The Republic of the Marshall Islands is a self-governing nation under the Compact of Free Association with the United States. The Constitution provides for executive, legislative, and judicial branches. The legislature consists of a 33 member Parliament (Nitijela) and a Council of Chiefs (Iroij), which serves a largely consultative function dealing with custom and traditional practice. In November 2003, the Nitijela was elected in free and fair elections. The President is elected by majority Nitijela vote and appoints his Cabinet from its membership. In January, the Nitijela elected President Kessai Note to a second 4 year term. The judiciary is independent.
The national police under the Ministry of Justice and local police forces are responsible for internal security. Under the Compact of Free Association, the United States is responsible for the country's external defense. The civilian authorities maintained effective control of the security forces. There were no reports that security forces committed human rights abuses.
The mixed economy is heavily dependent on transfer payments from the United States under the Compact. Such payments constituted approximately 70 percent of the country's estimated $100 million gross national product. According to 2002 data, the population of approximately 56,600 was of Micronesian origin and concentrated primarily on the Majuro and Kwajalein Atolls. Coconut oil, copra, and tuna exports, tourism, import and income taxes, an open ship registry, a tuna loining plant, ship chandlering, and fishing licensing fees generated limited revenues. However, in September, the loining plant, a major employer, closed due to financial problems. Economic growth in 2002, the latest figure available, was approximately 4 percent, but annual labor force growth of approximately 7 percent combined with government austerity measures resulted in a decline in real wages over the past several years. The U.S. dollar is the national currency.
The Government generally respected the human rights of its citizens, and the law and the judiciary provide effective means of dealing with individual instances of abuse; however, there were problems in a few areas. Prison conditions did not meet international standards. Violence against women and child abuse continued to be problems.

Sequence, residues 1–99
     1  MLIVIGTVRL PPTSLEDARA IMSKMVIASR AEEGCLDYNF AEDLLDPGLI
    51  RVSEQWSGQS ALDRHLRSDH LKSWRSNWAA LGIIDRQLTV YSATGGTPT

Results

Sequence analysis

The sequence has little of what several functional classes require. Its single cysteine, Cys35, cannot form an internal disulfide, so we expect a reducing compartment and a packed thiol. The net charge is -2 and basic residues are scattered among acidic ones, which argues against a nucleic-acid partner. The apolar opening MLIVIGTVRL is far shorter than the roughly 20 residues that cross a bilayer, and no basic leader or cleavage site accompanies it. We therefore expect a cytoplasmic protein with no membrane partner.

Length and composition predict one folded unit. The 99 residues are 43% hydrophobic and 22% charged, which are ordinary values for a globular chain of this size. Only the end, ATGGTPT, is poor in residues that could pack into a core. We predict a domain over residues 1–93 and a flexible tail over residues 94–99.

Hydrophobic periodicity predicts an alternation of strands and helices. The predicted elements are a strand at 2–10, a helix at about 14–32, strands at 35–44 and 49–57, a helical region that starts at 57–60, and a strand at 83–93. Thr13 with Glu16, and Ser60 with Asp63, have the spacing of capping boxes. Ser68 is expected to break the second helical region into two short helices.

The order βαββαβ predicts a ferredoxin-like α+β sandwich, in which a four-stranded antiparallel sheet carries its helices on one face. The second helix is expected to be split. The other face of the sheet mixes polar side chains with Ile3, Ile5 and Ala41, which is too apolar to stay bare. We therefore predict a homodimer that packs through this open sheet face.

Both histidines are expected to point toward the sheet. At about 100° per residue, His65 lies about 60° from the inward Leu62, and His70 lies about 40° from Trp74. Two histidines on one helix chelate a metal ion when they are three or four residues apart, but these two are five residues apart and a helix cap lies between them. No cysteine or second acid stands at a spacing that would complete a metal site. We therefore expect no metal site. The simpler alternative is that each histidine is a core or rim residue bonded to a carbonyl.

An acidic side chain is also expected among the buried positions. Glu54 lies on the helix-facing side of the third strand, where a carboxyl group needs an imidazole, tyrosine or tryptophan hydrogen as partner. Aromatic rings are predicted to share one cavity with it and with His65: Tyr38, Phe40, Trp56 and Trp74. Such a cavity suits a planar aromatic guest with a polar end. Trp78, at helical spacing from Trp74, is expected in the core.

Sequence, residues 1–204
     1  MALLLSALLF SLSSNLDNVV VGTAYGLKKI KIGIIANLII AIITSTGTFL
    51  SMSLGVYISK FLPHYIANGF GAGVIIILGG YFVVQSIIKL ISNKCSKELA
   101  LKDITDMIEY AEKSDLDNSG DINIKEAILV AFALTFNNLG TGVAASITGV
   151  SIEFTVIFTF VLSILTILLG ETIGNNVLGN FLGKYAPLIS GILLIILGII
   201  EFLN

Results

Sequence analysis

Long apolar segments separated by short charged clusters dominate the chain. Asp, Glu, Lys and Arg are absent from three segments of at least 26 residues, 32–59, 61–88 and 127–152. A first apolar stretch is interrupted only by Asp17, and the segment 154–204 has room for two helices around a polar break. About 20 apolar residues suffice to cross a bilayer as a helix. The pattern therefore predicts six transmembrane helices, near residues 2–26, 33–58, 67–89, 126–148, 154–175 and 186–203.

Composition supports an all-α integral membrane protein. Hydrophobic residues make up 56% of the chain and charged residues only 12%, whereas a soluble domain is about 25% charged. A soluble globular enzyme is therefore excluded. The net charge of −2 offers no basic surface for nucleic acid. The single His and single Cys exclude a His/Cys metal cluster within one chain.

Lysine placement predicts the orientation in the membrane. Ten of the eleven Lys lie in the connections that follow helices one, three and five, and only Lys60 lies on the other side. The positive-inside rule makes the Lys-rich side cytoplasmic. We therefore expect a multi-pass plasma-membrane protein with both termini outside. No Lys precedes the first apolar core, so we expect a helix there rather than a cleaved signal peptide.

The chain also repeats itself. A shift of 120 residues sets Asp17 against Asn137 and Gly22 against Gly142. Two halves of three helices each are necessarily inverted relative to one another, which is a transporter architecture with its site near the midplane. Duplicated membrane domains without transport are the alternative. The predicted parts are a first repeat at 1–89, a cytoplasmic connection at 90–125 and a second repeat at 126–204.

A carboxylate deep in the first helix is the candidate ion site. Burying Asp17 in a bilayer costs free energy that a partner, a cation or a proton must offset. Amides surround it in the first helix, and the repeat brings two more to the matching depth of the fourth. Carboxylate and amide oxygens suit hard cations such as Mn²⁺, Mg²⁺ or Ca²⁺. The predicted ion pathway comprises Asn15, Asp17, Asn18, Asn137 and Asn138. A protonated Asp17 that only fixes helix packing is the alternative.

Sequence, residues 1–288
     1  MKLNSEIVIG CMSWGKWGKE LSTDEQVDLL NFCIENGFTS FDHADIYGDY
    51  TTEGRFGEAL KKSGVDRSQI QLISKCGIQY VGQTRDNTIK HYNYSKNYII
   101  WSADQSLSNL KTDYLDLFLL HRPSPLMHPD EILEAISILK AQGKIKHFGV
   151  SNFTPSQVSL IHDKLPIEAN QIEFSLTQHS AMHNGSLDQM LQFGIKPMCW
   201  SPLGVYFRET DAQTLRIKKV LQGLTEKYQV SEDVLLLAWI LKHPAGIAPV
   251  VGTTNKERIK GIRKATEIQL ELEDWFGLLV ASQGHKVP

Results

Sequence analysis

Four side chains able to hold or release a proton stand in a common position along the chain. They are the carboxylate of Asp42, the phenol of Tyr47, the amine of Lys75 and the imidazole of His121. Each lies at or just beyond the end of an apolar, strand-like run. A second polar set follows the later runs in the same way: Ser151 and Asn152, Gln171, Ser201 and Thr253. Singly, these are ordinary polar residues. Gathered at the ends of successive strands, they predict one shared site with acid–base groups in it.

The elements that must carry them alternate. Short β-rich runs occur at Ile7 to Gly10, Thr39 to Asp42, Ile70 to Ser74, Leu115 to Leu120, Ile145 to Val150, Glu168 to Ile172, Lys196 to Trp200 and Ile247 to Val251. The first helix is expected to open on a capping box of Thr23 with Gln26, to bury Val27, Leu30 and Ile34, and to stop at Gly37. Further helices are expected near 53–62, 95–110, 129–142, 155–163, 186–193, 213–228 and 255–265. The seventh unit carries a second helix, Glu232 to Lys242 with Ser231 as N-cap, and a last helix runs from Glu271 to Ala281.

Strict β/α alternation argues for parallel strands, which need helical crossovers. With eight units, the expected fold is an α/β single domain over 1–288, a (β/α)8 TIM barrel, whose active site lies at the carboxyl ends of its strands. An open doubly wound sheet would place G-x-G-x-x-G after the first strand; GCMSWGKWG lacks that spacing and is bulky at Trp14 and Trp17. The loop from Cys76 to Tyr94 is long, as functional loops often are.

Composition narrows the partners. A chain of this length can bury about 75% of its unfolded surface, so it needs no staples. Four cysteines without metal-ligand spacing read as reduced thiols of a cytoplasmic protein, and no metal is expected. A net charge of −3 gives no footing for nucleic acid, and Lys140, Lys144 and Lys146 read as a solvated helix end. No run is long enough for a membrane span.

RESPECT FOR HUMAN RIGHTS
Section 1 Respect for the Integrity of the Person, Including Freedom From:
a. Arbitrary or Unlawful Deprivation of Life
There were no reports of the arbitrary or unlawful deprivation of life committed by the Government or its agents.
There were no reports of politically motivated disappearances.
c. Torture and Other Cruel, Inhuman, or Degrading Treatment or Punishment
The Constitution forbids such practices, and there were no reports that government officials employed them.
Prison conditions did not meet international standards. Most prisoners were held in a single large, inadequately lighted dormitory with inadequate nighttime supervision. There was no program to ensure regular access to daily outside activity. Some male juveniles were held together with adults; as juvenile crimes increased in number and seriousness over the past several years, the courts began to try more male juveniles as adults and to order them held with the general prison population. Pretrial detainees were not separated from the general prison population. Female prisoners, including juveniles, were held under house arrest.
The Government permitted prison visits by independent human rights observers.
d. Arbitrary Arrest or Detention
The Constitution prohibits arbitrary arrest and detention, and the Government generally observed these prohibitions.
There is a national police force and local police forces. Police officers do not carry firearms, and police generally used the minimum force necessary to detain a suspect. There were no reports of significant police corruption.
Warrants are required for arrests and are issued by the courts. Detainees may request bond immediately upon arrest for minor offenses; most serious offenses require the detainee to remain in jail until a hearing can be arranged, normally the morning after arrest.
Families had access to detainees, and detainees have the right to lawyers of their choice. There is a functioning system of bail, and the State provides a lawyer if the defendant is indigent.